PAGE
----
Our favorite gravel event, the Ruta Del Jefe, is returning in 2022 with registration opening up November 21-24th. This event takes place in Southern Arizona, in and out of Patagonia’s surrounding mountains and dirt roads. It’s an amazing weekend and hopefully you can make it to the 2022 event! That said, there’s a lot to digest about how you can enter, where the RDJ is being held, who is a part of the event, and what the event’s intent is, so for those unfamiliar with the Ruta del Jefe, read the full press-release from Sarah Swallow below and check out our event Reportage in the Related Archives. Holler in the comments with any questions and we hope to see you there!
Marley Blonsky is using her platform, All Bodies On Bikes, to bring awareness and accessibility to one of America’s most famous gravel events, SBT GRVL. Read on below for a full press release about how you can enter for a chance to win one of fifteen spots for non-traditional athletes…
There’s dust, cold, chaos, and bikes. Bikes everywhere. Almost more bike tracks than footprints in the thick dirt of the Laguna Seca Raceway paddock, where rows of tents and more flags than the eye can count have taken over for the weekend – this is The Sea Otter Classic. It’s my first time not only to Sea Otter but to a bike expo- having gotten seriously into cycling during the quarantine this first wave of events post- pandemic is also my first wave of cycling events- period. I did my first bike race two months prior, and while there was an expo there it nowhere near compares to this ocean of logos. Being a photographer in the cycling world this weekend is a chance to connect with clients I haven’t seen in a while, touch base with connections I have prior only talked to through emails and DM’s, and hug the bejeezus out of the rad gravel ladies I photographed for ‘The Leaders of Gravel’, a series here on The Radavist.
Trans Cascadia explored a new region this year in the Okanogan-Wenatchee National Forest. This land is the traditional indigenous territory of the Wenatchi and Syilx people. As a blind enduro, racers are given each day’s map the night before, with no chance to explore the trail prior. Race Director Nick Gibson was excited to get started. “I’m stoked to get people on course after a year’s delay. We’re excited to show people this area, this is the first-ever bike race on these trails.”
With a full volunteer staff, spending countless hours in preparation, racers shuttled into Foggy Dew Campsite, their home for the next 5 days. A remote backcountry experience with all the amenities save cell service, racers are treated to a camp that feels more like a living village. After Covid testing and orientation, participants devoured a stunning southern-inspired meal prepared by Hannah Carlos of The Bayou Catfish under the stars…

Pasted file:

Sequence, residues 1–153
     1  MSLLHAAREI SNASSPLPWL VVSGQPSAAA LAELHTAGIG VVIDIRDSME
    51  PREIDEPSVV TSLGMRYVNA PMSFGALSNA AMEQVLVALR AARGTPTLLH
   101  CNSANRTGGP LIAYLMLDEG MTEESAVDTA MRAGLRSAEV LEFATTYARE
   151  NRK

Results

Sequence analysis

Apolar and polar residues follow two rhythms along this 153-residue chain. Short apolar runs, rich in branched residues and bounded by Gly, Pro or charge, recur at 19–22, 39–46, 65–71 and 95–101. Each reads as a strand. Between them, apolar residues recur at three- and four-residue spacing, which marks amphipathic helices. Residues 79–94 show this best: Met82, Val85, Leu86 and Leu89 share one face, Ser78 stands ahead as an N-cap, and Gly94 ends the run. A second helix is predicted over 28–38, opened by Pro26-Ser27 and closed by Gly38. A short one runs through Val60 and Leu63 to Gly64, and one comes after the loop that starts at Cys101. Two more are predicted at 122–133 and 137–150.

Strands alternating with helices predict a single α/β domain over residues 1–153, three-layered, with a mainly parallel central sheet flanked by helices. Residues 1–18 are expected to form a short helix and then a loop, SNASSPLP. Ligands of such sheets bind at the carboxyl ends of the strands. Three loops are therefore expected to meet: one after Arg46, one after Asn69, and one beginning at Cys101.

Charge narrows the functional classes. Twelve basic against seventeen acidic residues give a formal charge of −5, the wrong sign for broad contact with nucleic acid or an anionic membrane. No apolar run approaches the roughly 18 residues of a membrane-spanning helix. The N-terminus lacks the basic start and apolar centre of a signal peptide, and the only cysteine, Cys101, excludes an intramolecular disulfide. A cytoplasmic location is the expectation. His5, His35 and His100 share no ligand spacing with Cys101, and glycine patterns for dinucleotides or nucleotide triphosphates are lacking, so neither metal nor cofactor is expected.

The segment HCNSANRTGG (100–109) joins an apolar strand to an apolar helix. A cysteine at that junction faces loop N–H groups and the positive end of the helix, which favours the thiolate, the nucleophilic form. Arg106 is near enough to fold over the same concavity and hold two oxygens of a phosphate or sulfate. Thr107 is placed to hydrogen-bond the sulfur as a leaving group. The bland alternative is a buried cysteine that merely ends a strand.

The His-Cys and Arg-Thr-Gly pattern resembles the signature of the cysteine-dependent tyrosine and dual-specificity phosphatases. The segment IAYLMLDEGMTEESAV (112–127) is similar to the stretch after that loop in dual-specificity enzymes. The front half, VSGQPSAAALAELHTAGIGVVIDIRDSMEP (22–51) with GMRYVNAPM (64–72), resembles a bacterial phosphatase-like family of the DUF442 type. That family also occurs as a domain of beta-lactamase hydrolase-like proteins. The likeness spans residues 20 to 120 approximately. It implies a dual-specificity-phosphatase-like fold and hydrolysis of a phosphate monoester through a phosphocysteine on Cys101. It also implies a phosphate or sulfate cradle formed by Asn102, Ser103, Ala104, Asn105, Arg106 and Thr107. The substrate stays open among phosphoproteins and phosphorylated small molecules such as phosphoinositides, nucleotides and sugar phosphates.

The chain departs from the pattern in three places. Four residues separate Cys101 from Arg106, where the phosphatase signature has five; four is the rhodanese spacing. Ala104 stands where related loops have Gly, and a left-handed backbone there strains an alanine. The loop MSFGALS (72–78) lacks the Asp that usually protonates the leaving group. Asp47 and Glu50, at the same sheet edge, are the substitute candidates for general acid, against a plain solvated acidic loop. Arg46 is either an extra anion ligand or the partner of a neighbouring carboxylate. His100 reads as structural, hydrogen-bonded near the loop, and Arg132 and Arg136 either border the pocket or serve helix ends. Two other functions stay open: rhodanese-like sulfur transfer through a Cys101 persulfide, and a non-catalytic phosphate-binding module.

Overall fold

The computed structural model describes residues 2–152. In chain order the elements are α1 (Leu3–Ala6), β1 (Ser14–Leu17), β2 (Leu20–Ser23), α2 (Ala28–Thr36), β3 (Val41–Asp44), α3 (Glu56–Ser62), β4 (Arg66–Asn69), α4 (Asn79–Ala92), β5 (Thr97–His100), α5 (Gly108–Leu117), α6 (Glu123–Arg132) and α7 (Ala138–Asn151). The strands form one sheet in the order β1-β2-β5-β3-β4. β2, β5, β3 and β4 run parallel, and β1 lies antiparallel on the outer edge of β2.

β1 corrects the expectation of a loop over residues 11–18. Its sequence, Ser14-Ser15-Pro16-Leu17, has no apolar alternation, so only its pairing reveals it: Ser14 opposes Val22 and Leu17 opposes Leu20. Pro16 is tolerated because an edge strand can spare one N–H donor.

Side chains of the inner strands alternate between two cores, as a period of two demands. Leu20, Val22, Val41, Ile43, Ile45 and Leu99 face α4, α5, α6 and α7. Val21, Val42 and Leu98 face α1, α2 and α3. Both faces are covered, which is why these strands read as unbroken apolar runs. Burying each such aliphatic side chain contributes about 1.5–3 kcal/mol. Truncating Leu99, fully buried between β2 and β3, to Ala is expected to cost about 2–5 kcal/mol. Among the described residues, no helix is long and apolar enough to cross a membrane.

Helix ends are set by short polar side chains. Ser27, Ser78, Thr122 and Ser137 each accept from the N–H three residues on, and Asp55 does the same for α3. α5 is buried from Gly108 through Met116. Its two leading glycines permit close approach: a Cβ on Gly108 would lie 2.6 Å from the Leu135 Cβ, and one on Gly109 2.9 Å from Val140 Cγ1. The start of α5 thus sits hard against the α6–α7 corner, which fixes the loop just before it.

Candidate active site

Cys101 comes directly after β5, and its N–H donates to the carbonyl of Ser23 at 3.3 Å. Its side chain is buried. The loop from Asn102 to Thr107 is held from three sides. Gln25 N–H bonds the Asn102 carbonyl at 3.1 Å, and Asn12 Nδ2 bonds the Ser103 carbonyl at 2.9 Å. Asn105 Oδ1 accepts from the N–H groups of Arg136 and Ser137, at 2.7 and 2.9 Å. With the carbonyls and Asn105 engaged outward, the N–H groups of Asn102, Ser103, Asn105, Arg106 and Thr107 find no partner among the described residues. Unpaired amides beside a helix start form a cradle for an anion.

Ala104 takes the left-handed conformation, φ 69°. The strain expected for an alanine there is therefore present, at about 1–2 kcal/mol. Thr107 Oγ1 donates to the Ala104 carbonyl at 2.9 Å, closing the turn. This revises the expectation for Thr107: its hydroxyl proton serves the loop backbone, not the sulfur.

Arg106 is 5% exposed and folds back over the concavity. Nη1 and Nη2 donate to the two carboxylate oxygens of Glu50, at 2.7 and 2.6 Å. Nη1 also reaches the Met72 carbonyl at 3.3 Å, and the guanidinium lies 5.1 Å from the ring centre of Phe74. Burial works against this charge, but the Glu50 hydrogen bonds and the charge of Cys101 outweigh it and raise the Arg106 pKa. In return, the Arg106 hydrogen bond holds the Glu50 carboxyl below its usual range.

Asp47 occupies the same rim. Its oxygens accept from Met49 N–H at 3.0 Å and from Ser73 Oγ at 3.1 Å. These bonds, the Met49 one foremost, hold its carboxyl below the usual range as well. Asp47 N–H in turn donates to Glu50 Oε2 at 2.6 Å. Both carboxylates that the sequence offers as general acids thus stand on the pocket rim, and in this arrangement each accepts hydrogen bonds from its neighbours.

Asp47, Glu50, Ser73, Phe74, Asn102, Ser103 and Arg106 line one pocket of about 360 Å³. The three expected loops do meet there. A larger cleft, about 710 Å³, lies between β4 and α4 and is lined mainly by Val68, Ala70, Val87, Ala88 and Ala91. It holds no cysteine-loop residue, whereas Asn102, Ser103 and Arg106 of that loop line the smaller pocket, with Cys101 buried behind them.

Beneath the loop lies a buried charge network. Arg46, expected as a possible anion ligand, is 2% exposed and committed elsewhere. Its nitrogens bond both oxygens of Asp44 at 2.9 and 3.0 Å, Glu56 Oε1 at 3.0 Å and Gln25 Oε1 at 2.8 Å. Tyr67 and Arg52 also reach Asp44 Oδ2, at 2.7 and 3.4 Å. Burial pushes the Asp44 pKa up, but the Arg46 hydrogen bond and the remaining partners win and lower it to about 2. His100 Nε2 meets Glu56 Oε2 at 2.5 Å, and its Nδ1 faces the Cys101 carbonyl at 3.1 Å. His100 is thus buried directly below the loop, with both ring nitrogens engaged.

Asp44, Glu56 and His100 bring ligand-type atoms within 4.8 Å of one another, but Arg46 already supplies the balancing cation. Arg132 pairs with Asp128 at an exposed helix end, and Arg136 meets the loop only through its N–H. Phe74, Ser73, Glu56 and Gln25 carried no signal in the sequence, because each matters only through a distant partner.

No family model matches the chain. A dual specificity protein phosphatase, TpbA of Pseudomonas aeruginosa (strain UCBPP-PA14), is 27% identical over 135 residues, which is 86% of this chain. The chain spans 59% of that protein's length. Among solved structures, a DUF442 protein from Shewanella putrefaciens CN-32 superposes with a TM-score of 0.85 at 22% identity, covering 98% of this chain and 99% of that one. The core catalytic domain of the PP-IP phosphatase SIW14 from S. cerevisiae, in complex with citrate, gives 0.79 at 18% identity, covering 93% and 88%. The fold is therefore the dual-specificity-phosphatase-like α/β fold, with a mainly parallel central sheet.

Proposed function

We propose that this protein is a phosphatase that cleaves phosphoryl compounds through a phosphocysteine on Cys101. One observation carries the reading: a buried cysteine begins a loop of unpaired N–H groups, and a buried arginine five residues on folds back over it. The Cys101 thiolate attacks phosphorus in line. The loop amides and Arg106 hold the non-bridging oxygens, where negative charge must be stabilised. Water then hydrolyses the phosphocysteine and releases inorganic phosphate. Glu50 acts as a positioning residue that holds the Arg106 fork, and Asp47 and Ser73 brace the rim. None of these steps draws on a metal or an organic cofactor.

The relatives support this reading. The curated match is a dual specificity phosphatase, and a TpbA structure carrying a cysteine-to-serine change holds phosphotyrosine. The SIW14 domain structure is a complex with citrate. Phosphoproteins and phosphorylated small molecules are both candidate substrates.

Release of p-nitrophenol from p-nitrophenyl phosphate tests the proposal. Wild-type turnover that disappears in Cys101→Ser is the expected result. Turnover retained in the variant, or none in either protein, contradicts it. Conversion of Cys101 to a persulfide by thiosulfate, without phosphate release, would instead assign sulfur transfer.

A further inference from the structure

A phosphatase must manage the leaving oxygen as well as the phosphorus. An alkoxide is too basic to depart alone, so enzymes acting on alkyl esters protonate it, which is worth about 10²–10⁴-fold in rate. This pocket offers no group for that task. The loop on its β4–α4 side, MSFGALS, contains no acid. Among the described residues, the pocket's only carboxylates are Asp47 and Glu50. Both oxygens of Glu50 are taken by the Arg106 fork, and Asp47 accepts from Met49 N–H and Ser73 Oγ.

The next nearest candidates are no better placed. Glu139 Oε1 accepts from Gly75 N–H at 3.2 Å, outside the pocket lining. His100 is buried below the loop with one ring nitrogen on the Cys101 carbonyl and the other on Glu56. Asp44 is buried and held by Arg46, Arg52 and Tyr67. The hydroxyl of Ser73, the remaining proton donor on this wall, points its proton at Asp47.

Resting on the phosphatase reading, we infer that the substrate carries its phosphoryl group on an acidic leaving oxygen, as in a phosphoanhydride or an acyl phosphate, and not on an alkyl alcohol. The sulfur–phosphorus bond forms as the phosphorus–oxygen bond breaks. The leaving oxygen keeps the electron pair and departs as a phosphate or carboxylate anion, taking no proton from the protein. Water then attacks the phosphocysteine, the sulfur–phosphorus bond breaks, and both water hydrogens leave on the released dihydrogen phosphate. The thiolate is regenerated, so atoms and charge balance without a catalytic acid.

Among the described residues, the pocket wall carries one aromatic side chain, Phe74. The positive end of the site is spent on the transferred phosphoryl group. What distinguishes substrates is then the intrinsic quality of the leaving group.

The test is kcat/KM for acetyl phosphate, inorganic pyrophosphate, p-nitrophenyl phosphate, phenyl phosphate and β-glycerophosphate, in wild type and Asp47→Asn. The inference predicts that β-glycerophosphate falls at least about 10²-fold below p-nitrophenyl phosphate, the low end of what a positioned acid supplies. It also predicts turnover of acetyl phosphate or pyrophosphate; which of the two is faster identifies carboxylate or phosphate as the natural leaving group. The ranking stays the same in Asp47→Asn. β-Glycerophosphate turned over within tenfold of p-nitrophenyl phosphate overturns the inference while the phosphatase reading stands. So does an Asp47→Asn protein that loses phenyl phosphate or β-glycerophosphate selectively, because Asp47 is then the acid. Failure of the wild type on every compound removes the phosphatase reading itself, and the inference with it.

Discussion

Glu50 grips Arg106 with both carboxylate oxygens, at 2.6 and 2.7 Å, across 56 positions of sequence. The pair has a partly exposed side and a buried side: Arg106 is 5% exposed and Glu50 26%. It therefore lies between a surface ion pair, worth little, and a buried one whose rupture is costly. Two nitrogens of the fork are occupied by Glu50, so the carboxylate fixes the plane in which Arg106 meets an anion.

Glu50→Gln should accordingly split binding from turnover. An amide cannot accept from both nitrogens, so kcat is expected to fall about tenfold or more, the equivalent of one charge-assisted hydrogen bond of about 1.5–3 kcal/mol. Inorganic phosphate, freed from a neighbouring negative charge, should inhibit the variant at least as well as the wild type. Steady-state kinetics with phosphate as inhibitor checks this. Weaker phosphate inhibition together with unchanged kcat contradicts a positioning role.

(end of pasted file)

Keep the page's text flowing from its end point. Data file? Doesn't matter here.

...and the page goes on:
The beauty of bikes is in the people who ride them—and how they all have a story. I have little doubt that everyone—serious riders, aeroed and grimaced, and carefree cruisers alike—have experienced that epiphanous fresh-air feeling of freedom that accompanies spinning your legs astride two wheels. Sometimes we just enjoy it at the moment—letting the short-lived wave of release and clarity wash over us during a weeknight burrito run, or a trip to the coffee shop. Other times we chase that feeling down with the hope that, somehow, it might change our life.
What first intrigued me about Josh Uhl was, however, not his history with bikes but his podcast Here For Now, which he started in February of 2021. Josh uses this platform to have intentional and intimate conversations with his guests about motivation, struggle, and the big whys of life. Listening to an early episode with Peter Hogan, where the recovering addict asserts that “Bikes aren’t God,” and to a later episode where the writer Zoe Röm reflects on the delusion of “authenticity” on social media, I found myself frequently nodding along. Yes, exactly.
Last month, bikepackers from all over the country gathered in the southernmost Oregon Timber Trail Gateway Community of Lakeview for the inaugural OTT700 Race. Lakeview’s mayor, Ray Turner, set up his famous BBQ station the evening before in the city park and treated the racers and their families to a final warm dinner before days of eating ramen and snickers bars. It was great to see the camaraderie already building between riders and proved the value of bringing the rider community together around an event like this.
“Expect the Unexpected”
The MGR is a 650 km gravel route, 4 stages, about 8000 meters of elevation,
some like to call it a disguised mountain bike race with a bit of gravel,
some will argue that this is the spirit of gravel, a limitless exploration of where the bike can take you.
Rapha just posted its Unbound Gravel XL video, showcasing Lael Wilcox’s efforts along the 350-mile course. Check back here on Monday for Lael’s Unbound report!
The Volta As Aldeias Historicas is a 450 km route in Portugal with 8000 meters of elevation.
It links up 12 medieval villages and their castles.
Our contributor Ryan Le Garrec went to tackle it for his “Fail” video series,
alongside friends Sjors Mahler and Tiago Cacao,
It seems Ryan got bored of castles and failed at reaching them all.
“Those things are nice but they’re all at the top of a village already perched up a hill,
and the road to each is ridiculously steep,